The study population included 81 patients with stable symptoms of intermittent claudication secondary to chronic occlusive arterial disease from atherosclerosis (symptoms present for ≥6 months and not significantly changed within the past 3 months). Clinical diagnoses of chronic occlusive arterial disease were supported with objective criteria from noninvasive vascular tests, including an ICD on the treadmill between 30 and 200 m and a minimum postexercise drop in Doppler-measured ankle systolic blood pressure of ≥20 mm Hg.
Patients with limb-threatening (grades II and III) chronic limb ischemia,11 manifested by ischemic rest pain, ulceration, or gangrene, were excluded. Other exclusion criteria were lower-extremity surgical or endovascular arterial reconstructions or sympathectomy in the preceding 6 months, uncontrolled hypertension, inability to complete the treadmill walking test for reasons other than claudication, recent myocardial infarction (within 6 months), recent deep vein thrombosis (within 3 months), severe concomitant diseases, substance abuse, and gross obesity.
Concomitant use of drugs known to have a significant effect on peripheral arteries was limited to antihypertensive agents, including ACE inhibitors, β-blockers, or calcium channel blockers, or the occasional use of nitroglycerin. Dosages of all concomitant medications were kept constant throughout the study when feasible.
Other classes of concomitant medications that were specifically disallowed included antiplatelet agents (including aspirin), anticoagulants, vasoactive agents (papaverine, isoxsuprine, nylidrin, cyclandelate, and niacin derivatives), hemorheological agents (pentoxifylline), and nonsteroidal anti-inflammatory drugs (with the exceptions of acetaminophen and diclofenac sodium, which have minimal antiplatelet effects).
No specific counseling about diet, smoking cessation, or exercise was offered during the study period. These factors were not specifically controlled. Investigators neither encouraged nor discouraged lifestyle changes until patients completed the trial.
This study was a randomized, parallel, double-blind trial with the administration of either cilostazol 100 mg BID or placebo BID. After a 2-week baseline period for stabilization of concomitant medications and entry treadmill testing, there was a 2- to 4-week single-blind placebo lead-in phase, during which time each patient’s treadmill walking time (ICD) had to be within ±35% of the value at the previous visit. Patients with stable treadmill walking performance were then randomized 2:1 for treatment with cilostazol or placebo, respectively, for a period of 12 weeks. The active treatment group received cilostazol 100 mg PO BID. The control group received an identical placebo BID. Randomization was stratified by treatment center and patient’s use of calcium channel blocker. Subjects were then reevaluated 2, 4, 8, and 12 weeks after initiation of therapy.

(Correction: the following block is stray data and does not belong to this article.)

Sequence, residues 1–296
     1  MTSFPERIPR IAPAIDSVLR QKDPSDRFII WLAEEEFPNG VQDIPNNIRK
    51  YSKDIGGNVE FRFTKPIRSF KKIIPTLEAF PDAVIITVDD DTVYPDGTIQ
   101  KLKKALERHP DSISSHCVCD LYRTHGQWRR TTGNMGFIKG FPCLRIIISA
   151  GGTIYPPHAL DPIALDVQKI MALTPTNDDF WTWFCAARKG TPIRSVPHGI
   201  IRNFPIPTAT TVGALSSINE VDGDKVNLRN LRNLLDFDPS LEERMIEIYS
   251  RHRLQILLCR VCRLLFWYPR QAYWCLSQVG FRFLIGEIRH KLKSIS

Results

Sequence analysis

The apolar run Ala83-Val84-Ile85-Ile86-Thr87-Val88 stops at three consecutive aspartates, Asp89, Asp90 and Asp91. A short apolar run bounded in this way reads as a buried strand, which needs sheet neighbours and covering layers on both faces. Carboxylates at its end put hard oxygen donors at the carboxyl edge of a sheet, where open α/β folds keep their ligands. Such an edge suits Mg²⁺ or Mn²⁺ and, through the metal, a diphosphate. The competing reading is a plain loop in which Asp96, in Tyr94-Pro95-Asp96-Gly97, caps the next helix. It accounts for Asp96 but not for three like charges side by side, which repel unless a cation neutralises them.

Evaluation of walking performance was accomplished with standardized treadmill testing. A constant speed of 3.2 km/h (2 mile/h) and a fixed incline of 12.5% were used. The treadmill tests were considered valid only if claudication symptoms were the reason the subject had to stop walking. Brachial, anterior tibial, and posterior tibial artery systolic pressures were measured with continuous-wave Doppler ultrasound and cuff occlusion, and these pressures were used to calculate ankle/brachial indices (ABI) as follows:
In addition to assessment of walking distances and ankle/brachial indices, patients were serially evaluated for new complaints, changes in symptoms, and functional status. ECGs were obtained, and laboratory testing, including hematologic studies, serum chemistries, and urinalyses, were routinely performed as part of the assessment of safety.
All statistical tests were 2-sided, and differences were considered significant if the P value was <0.05. Using methods described by Porter et al12 and Gillings et al,13 we also analyzed data for ICD and ACD in terms of logarithms of distance/baseline ratios. This transformation reduces the impact of extreme values. It also allows the results from each treatment group to be expressed in terms of percent change from baseline.
The relationship of percent change to the natural logarithm of the distance/baseline ratio is given by:
For analysis of the intention-to-treat population, log-rank scores were obtained separately for patients from each study center. Statistical comparisons of treatments for the combined centers were based on 3 methods: Mantel-Haenszel, Wei-Lachin, and Fisher tests.
There were a total of 81 patients from the 3 study centers entered into the double-blind phase of the trial. All subjects had grade I chronic limb ischemia (according to reporting standards of the Society for Vascular Surgery/North American Chapter of the International Society for Cardiovascular Surgery11). Claudication was characterized as “mild” (category 1) in 7 patients (8.6%), “moderate” (category 2) in 22 (27.3%), and “severe” (category 3) in 52 (64.2%). Before randomization, eligibility for inclusion was confirmed, and concomitant medical therapy was stabilized. All patients completed 2 to 4 weeks of single-blind placebo administration before randomization.